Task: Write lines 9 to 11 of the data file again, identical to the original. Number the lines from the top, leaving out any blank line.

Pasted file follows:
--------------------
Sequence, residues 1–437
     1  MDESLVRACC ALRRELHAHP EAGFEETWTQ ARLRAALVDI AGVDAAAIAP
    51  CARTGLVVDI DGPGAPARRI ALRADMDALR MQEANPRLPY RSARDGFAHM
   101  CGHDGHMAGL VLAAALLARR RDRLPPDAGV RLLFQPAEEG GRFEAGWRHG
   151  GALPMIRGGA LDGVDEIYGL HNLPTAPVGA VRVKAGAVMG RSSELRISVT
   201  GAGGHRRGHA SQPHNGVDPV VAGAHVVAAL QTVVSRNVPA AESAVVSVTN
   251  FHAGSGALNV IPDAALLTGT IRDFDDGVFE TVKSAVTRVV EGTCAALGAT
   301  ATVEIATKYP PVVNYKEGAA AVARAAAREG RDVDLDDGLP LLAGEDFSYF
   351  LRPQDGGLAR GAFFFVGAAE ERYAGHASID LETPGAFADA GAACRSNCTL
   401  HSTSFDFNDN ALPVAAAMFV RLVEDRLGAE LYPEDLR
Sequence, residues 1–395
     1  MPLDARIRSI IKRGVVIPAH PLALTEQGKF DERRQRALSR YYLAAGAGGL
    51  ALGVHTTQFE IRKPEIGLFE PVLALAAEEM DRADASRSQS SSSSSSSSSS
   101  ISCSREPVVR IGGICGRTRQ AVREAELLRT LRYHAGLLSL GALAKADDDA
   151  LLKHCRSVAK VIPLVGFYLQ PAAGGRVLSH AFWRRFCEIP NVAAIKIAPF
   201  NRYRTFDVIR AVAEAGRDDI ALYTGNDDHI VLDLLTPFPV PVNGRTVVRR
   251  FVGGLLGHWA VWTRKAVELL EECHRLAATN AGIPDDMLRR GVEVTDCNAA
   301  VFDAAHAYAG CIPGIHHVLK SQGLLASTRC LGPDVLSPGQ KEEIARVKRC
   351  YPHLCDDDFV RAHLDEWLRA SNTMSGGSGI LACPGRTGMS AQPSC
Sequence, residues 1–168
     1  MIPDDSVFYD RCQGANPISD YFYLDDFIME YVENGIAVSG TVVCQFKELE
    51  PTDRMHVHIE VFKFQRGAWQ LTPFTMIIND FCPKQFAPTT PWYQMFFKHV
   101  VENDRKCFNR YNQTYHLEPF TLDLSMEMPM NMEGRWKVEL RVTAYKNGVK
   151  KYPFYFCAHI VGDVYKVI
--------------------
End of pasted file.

   351  LRPQDGGLAR GAFFFVGAAE ERYAGHASID LETPGAFADA GAACRSNCTL
   401  HSTSFDFNDN ALPVAAAMFV RLVEDRLGAE LYPEDLR
Sequence, residues 1–395